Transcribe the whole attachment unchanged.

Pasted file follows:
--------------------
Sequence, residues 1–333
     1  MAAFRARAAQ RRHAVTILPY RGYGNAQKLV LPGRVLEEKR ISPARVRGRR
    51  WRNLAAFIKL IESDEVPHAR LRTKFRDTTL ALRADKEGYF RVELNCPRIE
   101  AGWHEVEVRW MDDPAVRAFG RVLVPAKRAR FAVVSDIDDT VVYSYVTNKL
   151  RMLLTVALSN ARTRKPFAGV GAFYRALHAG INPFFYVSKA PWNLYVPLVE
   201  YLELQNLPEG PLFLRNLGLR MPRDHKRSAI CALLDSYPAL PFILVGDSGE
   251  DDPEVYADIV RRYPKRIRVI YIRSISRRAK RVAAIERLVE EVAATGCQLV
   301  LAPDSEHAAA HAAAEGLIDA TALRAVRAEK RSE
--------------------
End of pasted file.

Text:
Sequence, residues 1–333
     1  MAAFRARAAQ RRHAVTILPY RGYGNAQKLV LPGRVLEEKR ISPARVRGRR
    51  WRNLAAFIKL IESDEVPHAR LRTKFRDTTL ALRADKEGYF RVELNCPRIE
   101  AGWHEVEVRW MDDPAVRAFG RVLVPAKRAR FAVVSDIDDT VVYSYVTNKL
   151  RMLLTVALSN ARTRKPFAGV GAFYRALHAG INPFFYVSKA PWNLYVPLVE
   201  YLELQNLPEG PLFLRNLGLR MPRDHKRSAI CALLDSYPAL PFILVGDSGE
   251  DDPEVYADIV RRYPKRIRVI YIRSISRRAK RVAAIERLVE EVAATGCQLV
   301  LAPDSEHAAA HAAAEGLIDA TALRAVRAEK RSE